Progress has been made from the "either-or-scenario", whereby environmentalists regarded the market as an implacable enemy. The market is instead proving to be a potentially powerful ally. The rigidity of the traditional regulatory system with its mandatory approach is far from the ideal. An economic incentives approach has special merit in that it allows polluters a certain freedom of choice in the matter of compliance with pollution thresholds. This has important implications in the area of information. One of the barriers to perfect information is the private nature of information. Freedom of choice of policy in regard to achieving environmental goals means that individual firms can, by basing their options on the inherently superior information available to them, reach common objectives at minimum cost. Technical innovations, spurred on by economic incentives and superior information, should make attainment of standards easier.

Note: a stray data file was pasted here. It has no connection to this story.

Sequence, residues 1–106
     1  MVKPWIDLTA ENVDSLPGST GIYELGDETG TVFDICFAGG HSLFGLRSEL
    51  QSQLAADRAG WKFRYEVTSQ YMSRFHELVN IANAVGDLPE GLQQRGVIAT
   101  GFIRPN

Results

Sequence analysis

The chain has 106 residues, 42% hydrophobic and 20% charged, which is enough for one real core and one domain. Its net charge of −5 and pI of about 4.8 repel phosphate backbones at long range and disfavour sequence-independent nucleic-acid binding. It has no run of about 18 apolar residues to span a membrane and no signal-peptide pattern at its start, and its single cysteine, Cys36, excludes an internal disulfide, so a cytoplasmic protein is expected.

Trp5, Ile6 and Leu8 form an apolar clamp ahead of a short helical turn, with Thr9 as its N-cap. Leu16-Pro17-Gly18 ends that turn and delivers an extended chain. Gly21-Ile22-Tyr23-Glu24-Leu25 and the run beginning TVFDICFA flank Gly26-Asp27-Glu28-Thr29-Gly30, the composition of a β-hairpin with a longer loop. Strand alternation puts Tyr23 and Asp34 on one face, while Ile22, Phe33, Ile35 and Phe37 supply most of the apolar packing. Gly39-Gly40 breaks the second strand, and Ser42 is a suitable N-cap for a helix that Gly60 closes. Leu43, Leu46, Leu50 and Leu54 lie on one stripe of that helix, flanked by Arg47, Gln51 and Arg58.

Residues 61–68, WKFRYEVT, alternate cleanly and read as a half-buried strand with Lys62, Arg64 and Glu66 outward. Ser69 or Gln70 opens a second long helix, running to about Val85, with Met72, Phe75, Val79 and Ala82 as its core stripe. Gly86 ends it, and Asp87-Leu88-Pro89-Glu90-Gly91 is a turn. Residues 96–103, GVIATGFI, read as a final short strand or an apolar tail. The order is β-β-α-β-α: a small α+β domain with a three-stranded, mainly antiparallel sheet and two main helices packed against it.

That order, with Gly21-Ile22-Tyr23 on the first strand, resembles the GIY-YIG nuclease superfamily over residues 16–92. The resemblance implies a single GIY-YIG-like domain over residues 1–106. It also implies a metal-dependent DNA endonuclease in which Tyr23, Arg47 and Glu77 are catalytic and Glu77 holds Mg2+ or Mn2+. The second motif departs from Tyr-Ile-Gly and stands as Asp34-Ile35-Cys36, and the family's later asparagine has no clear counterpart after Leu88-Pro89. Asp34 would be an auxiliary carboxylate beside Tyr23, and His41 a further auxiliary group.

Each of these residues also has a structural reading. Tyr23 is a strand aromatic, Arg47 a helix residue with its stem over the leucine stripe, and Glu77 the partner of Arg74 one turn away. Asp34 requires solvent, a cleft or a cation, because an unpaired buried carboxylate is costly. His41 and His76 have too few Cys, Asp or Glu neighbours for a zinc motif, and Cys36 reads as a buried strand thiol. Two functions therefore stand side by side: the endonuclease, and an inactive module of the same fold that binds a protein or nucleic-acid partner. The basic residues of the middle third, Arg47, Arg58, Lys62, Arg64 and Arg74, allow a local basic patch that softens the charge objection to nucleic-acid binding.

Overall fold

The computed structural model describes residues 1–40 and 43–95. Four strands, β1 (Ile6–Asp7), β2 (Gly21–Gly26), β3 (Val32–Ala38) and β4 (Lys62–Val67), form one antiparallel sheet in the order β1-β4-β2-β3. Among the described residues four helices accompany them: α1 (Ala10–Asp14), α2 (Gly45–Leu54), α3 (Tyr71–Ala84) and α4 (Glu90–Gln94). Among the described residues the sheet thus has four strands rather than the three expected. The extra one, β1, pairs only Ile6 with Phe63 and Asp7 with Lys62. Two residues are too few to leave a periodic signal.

The US programme issues emissions reduction credits calculated on the surplus reductions in excess of predetermined standards on a baseline date. As only existing polluters receive credits, this approach is known as "grand fathering". Various rules cover the subsequent accumulation and use of credits.
Europe and Japan favour emissions charges. The general principle underlying such taxes is to make the polluter pay. Helm and Pearce enumerate the problems associated with such taxes in their income and their substitution effects.
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